DrylandGeneralNewsRacingTwo Times the Fun at Toppidrettsveka Day 1: Stephen and Hoffman Third in Hill Climb; Caldwell Fifth in Sprint

Avatar Austin CobbAugust 21, 2015

 

Noah Hoffman (U.S. Ski Team) racing to third in the Fonna Opp, the hill climb footrace that opened the 2015 Toppidrettsveka in Aure, Norway. Norway's Didrik Tønseth was first to the top in 28:53.5, and Sweden’s Martin Johansson placed second, 13 seconds back, while Hoffman was 1:02.5 back in third. (Photo: USSA)
U.S. Ski Team member Noah Hoffman (r) racing to third in the Fonna Opp, the hill climb footrace that opened the 2015 Toppidrettsveka in Aure, Norway, on Thursday. Norway’s Didrik Tønseth was first to the top in 28:53.5, and Sweden’s Martin Johansson placed second, 13 seconds back, while Hoffman was 1:02.5 back in third. (Photo: USSA)

The first day at the Toppidrettsveka race festival brought something rarely seen in cross-country ski racing: two events is one day. Thursday morning featured the Fonna Up — a 5.3-kilometer uphill running race that ascended 650 meters — in Aure, Norway, and two Americans were the third fastest to the summit.

Liz Stephen and Noah Hoffman, both of the U.S. Ski Team (USST), placed third in the women’s and men’s hill climb races, respectively, after starting together: the entire field left the start at once.

“The hill climb started on a fairly flat/gradual up road for 400 meters or so before taking a hard left hand turn and heading up a steeper pitched gravel road for the first 3k,” Stephen explained in an email. “Then the trail took a left onto a technical and rocky, steep trail for another 2.2k to the top of the mountain.”

Crossing the line first overall was Norwegian climbing specialist Didrik Tønseth with a time of 28:53.5. His effort was fast enough to break the course record by nearly a minute. Thirteen seconds after Tønseth was Martin Johansson, an orienteering competitor from Sweden. Johansson injured his collarbone earlier in the summer in a bike crash, but recovered enough to race to second overall.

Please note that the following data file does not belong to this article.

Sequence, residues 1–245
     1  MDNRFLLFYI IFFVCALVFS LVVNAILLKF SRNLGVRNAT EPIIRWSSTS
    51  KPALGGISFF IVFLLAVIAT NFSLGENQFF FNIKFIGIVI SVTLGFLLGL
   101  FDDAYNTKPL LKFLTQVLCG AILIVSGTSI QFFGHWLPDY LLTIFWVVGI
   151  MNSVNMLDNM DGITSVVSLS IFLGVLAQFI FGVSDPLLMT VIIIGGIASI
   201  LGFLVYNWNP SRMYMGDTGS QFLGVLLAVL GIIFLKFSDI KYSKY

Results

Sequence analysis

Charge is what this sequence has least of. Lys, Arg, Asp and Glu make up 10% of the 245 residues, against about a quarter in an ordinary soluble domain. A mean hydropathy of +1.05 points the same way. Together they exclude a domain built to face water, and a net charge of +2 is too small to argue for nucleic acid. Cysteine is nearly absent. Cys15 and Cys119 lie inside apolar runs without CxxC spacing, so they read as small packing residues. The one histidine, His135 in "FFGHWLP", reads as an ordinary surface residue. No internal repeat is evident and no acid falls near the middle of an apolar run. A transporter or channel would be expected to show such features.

Hoffman crested the top third, 1 minute and 2.5 seconds after Tønseth, and 34.1 seconds ahead of France’s Maurice Manificat in fourth. U.S. assistant coach Jason Cork posted a video of Hoffman racing to third; he also posted one of women’s winner Therese Johaug of Norway, who was 10th overall, reaching the Fonna Opp summit as well.

Johaug clocked in at 31:18.8, beating most of the men and finishing more than a minute and a half ahead of second-place finisher and fellow Norwegian Heidi Weng. Stephen was 2:42.3 back in third.

“It’s fun to be here and give the guys a little [run],” Johaug told NRK at the finish, according to a translation. “I’m made for uphills and have always been good at it.”

Johaug also put down a dominating performance in the Storsylen Up earlier this summer, but said she didn’t plan to switch to elite mountain running anytime soon as she remains committed to skiing.

Stephen explained that the race required finding the most efficient route through rocky sections.

“I pushed hard on the road, knowing I would not be as fast on the trail as others, but pushed the whole way, for sure,” she wrote. “I was so nervous before it, so I am happy to have it behind me now!”

The five USA women after the Fonna Opp hill climb (l-r Jessie Diggins, Kikkan Randall, Liz Stephen, Sophie Caldwell, Caitlin Gregg). (Photo: USSA)
The five USA women after the Fonna Opp hill climb (l-r Jessie Diggins, Kikkan Randall, Liz Stephen, Sophie Caldwell, Caitlin Gregg). (Photo: USSA)

After the morning competition, athletes had just enough time to return home, eat some lunch, take a quick nap, and then depart again for the classic rollerski sprints in Aure. All of the USST women competing — Stephen, Sophie Caldwell, Kikkan Randall, Jessie Diggins, and Caitlin Gregg — went on to qualify for the heats, as did U.S. men Andy Newell and Simi Hamilton. Caldwell went the farthest in the heats, all the way to the women’s A-final, where she finished fifth for the best American result.